Is your website too bright? This could prevent some readers from being able to read it.
The general minimum contrast is understood to be at least 4.5:1.
- Is your text readable? Can it be resized by the user?
- Do you have a zoom option?
- Is your keyboard navigation properly set up? Some users are unable to use a mouse or trackpad and must use keyboard navigation instead. Do shortcuts work?
- Can your drop-downs be used with just the keyboard?
- Can you play video and audio using your keyboard?
Now that you realize just how important website accessibility is, both financially and socially, your next step is to decide if you have the expertise, time, and patience to make the necessary fixes, or if you need the support of an expert.
The investment in a well-built, fully accessible website will pay off many times over. In fact, Forbes reports that having a poorly functioning site could actually hurt your business.
So imagine building your own website and never even considering the things listed above. It could actually hurt your image with the exact consumers you are trying to reach. You could even be icing yourself out of a huge segment of the population who would likely be interested in what you have to say.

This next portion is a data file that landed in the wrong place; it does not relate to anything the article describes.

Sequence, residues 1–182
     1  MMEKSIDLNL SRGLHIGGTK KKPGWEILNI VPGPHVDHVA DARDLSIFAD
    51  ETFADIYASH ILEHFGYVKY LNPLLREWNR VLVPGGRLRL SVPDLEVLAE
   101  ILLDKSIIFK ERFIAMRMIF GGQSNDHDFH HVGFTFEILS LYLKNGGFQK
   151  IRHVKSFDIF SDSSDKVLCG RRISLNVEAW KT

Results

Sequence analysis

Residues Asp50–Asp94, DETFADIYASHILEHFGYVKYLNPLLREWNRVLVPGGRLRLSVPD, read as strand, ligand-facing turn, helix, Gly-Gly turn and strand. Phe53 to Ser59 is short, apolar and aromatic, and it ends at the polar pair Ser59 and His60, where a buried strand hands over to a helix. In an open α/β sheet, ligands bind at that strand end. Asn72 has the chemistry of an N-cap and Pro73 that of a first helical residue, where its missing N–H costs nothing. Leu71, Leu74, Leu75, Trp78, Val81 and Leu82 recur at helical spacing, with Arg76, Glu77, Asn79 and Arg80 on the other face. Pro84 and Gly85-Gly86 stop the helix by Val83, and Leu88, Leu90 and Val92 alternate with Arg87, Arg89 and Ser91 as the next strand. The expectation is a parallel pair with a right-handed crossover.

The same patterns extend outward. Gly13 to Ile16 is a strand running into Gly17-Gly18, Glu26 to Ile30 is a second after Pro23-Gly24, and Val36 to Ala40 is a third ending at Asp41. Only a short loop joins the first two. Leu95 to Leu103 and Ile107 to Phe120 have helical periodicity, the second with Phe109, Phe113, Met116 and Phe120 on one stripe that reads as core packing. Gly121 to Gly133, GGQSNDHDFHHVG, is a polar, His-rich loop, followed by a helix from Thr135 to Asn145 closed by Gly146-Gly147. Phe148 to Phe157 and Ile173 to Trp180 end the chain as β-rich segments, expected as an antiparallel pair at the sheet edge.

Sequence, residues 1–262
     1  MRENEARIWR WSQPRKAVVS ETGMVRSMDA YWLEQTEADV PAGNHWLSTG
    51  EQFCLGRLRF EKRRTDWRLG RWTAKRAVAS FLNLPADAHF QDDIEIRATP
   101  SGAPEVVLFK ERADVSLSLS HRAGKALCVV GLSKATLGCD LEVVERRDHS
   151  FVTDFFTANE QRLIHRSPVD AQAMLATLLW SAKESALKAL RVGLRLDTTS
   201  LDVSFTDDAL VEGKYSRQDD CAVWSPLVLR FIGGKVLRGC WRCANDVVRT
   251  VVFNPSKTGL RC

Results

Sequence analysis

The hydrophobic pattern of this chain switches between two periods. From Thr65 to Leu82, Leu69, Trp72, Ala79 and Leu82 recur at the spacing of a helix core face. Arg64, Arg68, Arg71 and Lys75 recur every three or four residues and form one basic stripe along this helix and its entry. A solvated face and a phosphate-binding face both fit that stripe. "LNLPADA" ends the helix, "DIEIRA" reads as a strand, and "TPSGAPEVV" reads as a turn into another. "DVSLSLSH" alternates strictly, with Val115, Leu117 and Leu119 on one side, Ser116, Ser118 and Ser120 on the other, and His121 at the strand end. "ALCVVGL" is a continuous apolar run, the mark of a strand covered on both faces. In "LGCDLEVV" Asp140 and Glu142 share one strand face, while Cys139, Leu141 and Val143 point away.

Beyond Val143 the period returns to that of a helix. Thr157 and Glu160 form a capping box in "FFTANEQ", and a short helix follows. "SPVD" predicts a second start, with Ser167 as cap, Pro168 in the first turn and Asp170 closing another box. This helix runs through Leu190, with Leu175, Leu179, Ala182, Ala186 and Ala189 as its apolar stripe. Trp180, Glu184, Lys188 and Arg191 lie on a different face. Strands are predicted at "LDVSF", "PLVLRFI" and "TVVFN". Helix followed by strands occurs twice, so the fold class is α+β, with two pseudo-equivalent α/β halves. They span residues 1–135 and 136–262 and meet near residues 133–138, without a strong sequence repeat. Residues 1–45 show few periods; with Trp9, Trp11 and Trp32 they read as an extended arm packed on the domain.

Consider the last time you needed information on a new business. What did you do? You Googled it. And if that company website was difficult to read, hard to navigate or inconsistent in design, you likely moved on. While these same elements are often evaluated by both disabled and non-disabled users, the method of evaluation, and the effect an inaccessible website has on the user experience, will be dramatically different. That’s why it’s so important to consider accessibility a fundamental element of your website.
Now let’s consider users with disabilities. Your site doesn’t have text to describe pictures. Your videos are hard to follow. Your graphics have poor contrast. Do you look like a company that cares about its customer, and most especially those users who may need additional support? All you’ve done is create doubt. In fact, business.com reported that 75 percent of consumers they surveyed judge a business’ credibility on their website design.
When making business acquaintances, seven seconds is all you have to make a first impression. In the case of websites, the time window is much stiffer, less than 0.2 seconds, according to an eye-tracking study by the Missouri University of Science and Technology.
Take this opportunity to make a good first impression, support your potential users, and expand your overall footprint, by upgrading your website to reach all potential consumers.